BI dashboards are similar to cars. They run perfectly when you first get them; however, if you don’t maintain them properly over time, they might start to break down.
In order to make sure that your BI dashboards are running at full efficiency, we recommend running QA reviews of your dashboards at least once per year, preferably bi-annually.
Talking through this with our clients, we have discovered that one of the major barriers to auditing dashboards is that people don’t know where to begin. For that purpose, we have compiled a list of common issues that we have found, and questions that you can run through to make sure that you’re getting the most out of your dashboards.
1- CONNECTIONS TO YOUR RAW DATA:
Dashboards only work if they have a live connection into your systems and technologies. A few small changes can break those connections over the course of a year.
The first question that you should ask yourself is: Have you had any updates in credentials / access points to your data?
This can include things like email or password changes, new team members who need access, old team members who need access removed, etc.
The second thing that we suggest checking in on is API connections. If you have APIs that are not functioning, we need to drill into the why.
This can happen because of technologies updating their API. If their API has been updated or changed on their side, we need to figure out if you just need to re-connect, or if we need to adjust the API connection.
Another common issue that can cause data breakage from the API is changes in your data schema or internal SOPs. If you have changed the naming conventions for something, or changed the way that you structure your data, it’s important to revisit the logic within your dashboards to make sure that they adapt to your scaling business.
2- LOGIC BUILT INTO YOUR DASHBOARDS:
As your dashboards are built, there are formulas baked into the underlying structure of the dashboards. As your business grows, that logic can change and needs to be updated in your dashboards.
Updates to the business
Delving deeper into the issue mentioned above, a lot can change in a business across six to twelve months. Even if your internal changes don’t affect API functionality, it’s important to make sure that your dashboards reflect any potential changes in your business procedures that might have impacted the validity of your dashboards or metrics. Such changes include:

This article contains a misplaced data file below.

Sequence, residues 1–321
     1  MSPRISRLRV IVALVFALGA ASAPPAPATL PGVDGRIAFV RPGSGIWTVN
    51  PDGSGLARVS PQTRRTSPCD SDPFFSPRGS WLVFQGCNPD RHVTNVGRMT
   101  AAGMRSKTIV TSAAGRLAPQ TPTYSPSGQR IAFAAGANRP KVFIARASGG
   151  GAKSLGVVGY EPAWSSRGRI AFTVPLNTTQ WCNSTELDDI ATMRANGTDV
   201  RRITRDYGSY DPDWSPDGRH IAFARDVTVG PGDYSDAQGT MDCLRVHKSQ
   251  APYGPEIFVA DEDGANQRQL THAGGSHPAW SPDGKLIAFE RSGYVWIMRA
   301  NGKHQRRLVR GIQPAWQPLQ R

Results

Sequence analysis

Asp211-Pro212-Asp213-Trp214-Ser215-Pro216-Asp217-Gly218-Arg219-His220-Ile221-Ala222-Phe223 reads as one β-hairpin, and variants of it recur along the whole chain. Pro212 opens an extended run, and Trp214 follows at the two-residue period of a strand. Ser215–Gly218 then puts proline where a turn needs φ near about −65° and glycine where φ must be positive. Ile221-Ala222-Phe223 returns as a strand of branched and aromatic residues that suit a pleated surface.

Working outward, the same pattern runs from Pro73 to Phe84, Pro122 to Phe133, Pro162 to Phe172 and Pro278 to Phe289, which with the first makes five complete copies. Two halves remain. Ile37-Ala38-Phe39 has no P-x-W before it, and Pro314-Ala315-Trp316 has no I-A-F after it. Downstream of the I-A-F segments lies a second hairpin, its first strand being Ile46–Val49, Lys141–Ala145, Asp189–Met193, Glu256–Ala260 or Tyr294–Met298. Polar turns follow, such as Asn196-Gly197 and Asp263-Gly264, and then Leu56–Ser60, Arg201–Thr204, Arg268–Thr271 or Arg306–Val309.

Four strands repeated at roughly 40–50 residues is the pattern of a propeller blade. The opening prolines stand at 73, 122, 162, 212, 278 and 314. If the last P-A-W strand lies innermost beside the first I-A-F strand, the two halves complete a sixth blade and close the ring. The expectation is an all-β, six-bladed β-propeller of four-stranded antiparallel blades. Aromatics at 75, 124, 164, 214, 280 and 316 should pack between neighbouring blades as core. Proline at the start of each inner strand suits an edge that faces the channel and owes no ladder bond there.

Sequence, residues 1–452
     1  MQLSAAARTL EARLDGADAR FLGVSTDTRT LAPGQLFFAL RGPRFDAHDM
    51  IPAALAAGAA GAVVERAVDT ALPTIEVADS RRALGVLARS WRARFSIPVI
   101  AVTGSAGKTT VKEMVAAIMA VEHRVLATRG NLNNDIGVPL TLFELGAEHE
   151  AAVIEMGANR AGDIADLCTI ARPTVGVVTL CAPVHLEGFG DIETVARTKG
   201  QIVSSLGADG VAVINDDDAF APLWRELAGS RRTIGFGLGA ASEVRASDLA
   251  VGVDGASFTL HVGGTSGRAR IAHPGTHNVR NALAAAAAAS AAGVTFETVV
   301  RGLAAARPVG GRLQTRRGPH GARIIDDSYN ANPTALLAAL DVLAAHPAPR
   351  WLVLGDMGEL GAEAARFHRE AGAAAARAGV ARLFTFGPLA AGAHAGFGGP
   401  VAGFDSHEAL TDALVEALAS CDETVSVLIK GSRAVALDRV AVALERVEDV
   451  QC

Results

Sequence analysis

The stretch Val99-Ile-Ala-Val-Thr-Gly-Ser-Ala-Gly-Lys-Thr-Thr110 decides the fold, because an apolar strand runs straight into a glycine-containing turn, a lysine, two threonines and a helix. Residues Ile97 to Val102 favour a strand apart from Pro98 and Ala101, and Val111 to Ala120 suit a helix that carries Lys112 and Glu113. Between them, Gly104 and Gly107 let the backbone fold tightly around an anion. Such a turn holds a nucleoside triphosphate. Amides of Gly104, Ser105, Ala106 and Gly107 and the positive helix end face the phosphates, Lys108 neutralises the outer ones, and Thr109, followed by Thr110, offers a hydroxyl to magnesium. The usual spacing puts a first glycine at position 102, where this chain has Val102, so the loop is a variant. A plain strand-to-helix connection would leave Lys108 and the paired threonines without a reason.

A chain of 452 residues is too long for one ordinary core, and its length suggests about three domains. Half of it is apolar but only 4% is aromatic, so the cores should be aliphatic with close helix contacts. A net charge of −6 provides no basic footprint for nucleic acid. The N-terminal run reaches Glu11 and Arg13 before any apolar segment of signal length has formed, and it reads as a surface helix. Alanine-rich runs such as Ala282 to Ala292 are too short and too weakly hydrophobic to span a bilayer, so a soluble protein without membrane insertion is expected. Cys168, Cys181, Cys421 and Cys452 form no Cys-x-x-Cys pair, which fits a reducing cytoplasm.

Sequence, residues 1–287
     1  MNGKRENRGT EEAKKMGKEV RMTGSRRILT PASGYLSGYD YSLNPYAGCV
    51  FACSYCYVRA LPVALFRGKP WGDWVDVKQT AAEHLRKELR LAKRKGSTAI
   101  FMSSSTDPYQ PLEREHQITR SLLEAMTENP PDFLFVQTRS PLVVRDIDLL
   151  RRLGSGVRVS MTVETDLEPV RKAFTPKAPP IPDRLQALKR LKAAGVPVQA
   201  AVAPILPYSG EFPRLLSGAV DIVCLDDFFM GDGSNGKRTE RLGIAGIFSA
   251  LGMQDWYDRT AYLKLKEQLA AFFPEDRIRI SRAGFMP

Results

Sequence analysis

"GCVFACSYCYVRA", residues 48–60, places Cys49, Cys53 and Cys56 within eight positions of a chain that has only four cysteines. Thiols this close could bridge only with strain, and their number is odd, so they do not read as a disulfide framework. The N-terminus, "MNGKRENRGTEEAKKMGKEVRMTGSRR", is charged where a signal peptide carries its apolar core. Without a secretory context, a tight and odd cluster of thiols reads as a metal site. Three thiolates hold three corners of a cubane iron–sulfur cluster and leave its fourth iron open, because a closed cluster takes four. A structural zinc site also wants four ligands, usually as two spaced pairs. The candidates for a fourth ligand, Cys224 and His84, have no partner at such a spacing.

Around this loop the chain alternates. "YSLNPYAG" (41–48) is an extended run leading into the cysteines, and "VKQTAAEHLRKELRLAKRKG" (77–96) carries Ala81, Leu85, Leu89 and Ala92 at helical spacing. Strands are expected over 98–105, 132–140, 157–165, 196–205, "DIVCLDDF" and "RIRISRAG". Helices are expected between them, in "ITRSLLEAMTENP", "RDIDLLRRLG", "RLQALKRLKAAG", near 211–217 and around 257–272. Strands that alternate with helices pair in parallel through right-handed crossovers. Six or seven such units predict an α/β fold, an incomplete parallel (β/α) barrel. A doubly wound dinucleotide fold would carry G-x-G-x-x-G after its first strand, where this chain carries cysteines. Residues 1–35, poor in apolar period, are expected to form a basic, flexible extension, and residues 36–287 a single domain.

- New SKUs
- New campaigns
- New UTM structure
- New bundled SKUs
- New technologies or tools in the business
Changes in logic, calculations, or definitions
Over time, our views and definitions of metrics may change; it’s important to make sure that these updates are reflected in the dashboards.
For example, some businesses may not have included shipping costs in COGS initially, but now want to include it. Without changing that logic in the dashboard, it will cause your numbers to no longer align and ruin the effectiveness of the dashboard for you.
3- VISUALIZATIONS IN YOUR DASHBOARDS:
Over time, your use and interpretation of your dashboards will change. That means the way you consume your data will also need to change in order to keep up with the new depth of questions you may have.
Changes in visual preference
As we talked about in the previous section, we’re constantly evolving the way that we think about and deal with data. That includes the ways that we want to consume the data.
What once was a beautiful, insightful chart can turn into a headache over time. That’s why it’s important to review how you’re using each graph and chart to see if there is a better way to display the data. This could include simplifying the visuals, removing certain filters or columns, adding new filters that you need, and thinking about the ideal way for you to consume that data.
Simplification of the dashboard
The next thing that needs to be reviewed is the layout of your dashboard. Digital clutter has the same effect on your brain as physical clutter, so you want to keep your digital workspace as clear and organized as possible.
You can ask yourself: are there any metrics that should be archived or removed from view? Are there subpages that could be created to simplify your consumption of the data (potentially for each role or department)?
One of the primary reasons that new business initiatives fail is lack of adoption. Building dashboards is one thing, but they need to be used regularly in order for them to be valuable.
We’ve compiled this list of questions that you can mull over to help you overcome common adoption challenges:
- Are there metrics that were built and aren’t currently being used? If so, does your team need training on those metrics, or do they need to be archived?
- Is there anyone on your team that is not using the dashboards or doesn’t understand their purpose?
- Is there anyone on your team that doesn’t know how to use or interpret these dashboards?
- Are there new team members that weren’t a part of your organization when these were built? Do they need training or help understanding the dashboards?
- Does your executive team know about and understand how to use your dashboards?
- Are your dashboards a regular part of your team’s conversation?
Our goal is to make sure your dashboards grow and evolve as your business grows and evolves. What you needed a year ago might be elementary in comparison to what you need now. We are here to help you keep your dashboards relevant, user friendly, and constantly insightful.
Reach out to us if you have any dashboards that might need to be revisited!